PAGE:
Officials respond after Moody's lowers LSU's credit outlook

Jindal administration, LSU respond after Moody's lowers university's credit outlook - 10 p.m.

BATON ROUGE, LA (WAFB) - The outlook for LSU continues to unravel with Governor Jindal's massive cuts to the basic operations of the flagship university.

LSU faces a dire financial situation, making plans Wednesday to file for what is essentially "academic bankruptcy" if the state cannot find more money for higher ed.

This comes on the heels of the credit rating agency Moody's Investors Services lowering the university's credit outlook from positive to stable.

State Treasurer John Kennedy says this move reflects the years of cuts and tuition hikes statewide, but says decisive action by the legislature could turn this around.

Kennedy adds this move means LSU is one step closer to a possible credit rating drop. That means, among other things, LSU would have to pay higher interest rates on loans and any money borrowed.

Kennedy says he warned about the cuts and compared them to torture.

"After waterboarding our universities for the past 7 years and cutting them by $700 million, the rating agency Moody's has downgraded them," said Kennedy. "I can tell you our competitors at the University of Texas, the University of Alabama and the University of Georgia are already writing to kids that we're competing for. They're already tell their parents all 'Look, LSU just got downgraded. You don't want to go LSU. They're going to go broke."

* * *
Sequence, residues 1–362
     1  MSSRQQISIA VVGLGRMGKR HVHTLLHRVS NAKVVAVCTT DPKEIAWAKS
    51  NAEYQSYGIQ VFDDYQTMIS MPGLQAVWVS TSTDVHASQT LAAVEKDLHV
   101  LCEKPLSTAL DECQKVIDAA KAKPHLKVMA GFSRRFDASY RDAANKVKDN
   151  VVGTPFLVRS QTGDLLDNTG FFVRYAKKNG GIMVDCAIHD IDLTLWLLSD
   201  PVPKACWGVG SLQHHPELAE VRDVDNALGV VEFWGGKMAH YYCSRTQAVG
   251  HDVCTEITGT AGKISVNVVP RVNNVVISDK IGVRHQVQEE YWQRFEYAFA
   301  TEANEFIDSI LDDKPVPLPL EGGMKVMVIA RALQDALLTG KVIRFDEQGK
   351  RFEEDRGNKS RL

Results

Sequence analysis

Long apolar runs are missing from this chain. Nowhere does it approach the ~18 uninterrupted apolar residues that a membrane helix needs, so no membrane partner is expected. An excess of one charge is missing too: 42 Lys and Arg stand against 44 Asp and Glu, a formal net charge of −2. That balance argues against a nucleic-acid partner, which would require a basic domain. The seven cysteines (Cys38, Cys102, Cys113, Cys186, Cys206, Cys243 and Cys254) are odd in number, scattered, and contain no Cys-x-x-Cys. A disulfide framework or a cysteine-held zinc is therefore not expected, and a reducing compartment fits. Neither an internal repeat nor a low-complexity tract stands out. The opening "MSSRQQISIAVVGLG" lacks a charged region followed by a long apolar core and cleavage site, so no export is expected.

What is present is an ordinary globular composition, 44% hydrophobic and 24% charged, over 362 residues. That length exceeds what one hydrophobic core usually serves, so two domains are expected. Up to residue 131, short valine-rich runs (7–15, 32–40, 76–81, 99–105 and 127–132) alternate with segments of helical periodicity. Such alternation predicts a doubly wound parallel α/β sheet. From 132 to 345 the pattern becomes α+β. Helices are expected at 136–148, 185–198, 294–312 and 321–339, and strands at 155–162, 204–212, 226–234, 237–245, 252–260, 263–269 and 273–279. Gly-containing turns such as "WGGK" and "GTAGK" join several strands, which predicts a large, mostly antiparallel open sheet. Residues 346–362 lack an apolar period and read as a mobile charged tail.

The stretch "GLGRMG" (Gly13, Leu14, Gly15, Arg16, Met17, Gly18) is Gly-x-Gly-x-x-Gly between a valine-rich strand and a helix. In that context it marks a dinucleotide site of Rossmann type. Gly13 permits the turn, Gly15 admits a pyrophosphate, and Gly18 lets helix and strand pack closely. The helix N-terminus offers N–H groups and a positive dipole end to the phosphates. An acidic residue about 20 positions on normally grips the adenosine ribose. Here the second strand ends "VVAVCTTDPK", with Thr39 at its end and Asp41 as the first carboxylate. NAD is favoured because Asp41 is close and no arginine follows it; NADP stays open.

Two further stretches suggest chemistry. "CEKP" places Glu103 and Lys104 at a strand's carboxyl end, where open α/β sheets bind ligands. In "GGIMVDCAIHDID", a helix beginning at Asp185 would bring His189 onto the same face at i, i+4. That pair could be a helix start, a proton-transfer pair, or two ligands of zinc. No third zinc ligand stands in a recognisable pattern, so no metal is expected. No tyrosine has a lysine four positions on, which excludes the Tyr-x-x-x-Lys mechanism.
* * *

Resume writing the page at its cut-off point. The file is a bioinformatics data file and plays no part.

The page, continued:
LSU says they're making sure they're ready for the worst. LSU President and Chancellor F. King Alexander released a statement Wednesday afternoon:

"Based on the current status of the budget debate, we have decided to begin contingency planning for exigency as many of our campuses may be impacted, as well as other campuses across the state. We know the worst-case scenario, we know the timeframe, and we know what's at stake. We are optimistic that solutions to mitigate the devastation these budget cuts promise are forthcoming from our state legislators; however, we owe it to our students, faculty and staff to be fully prepared for every possible outcome."

Gov. Jindal's chief of staff, Kyle Plotkin, responded by saying, "This is exactly why we proposed cutting over $500 million in corporate welfare to help protect higher education. There are some corporations in our state that are paying zero in taxes and getting free taxpayer funded checks from the state. That's not right. We need to cut this corporate welfare and invest these dollars in higher education."

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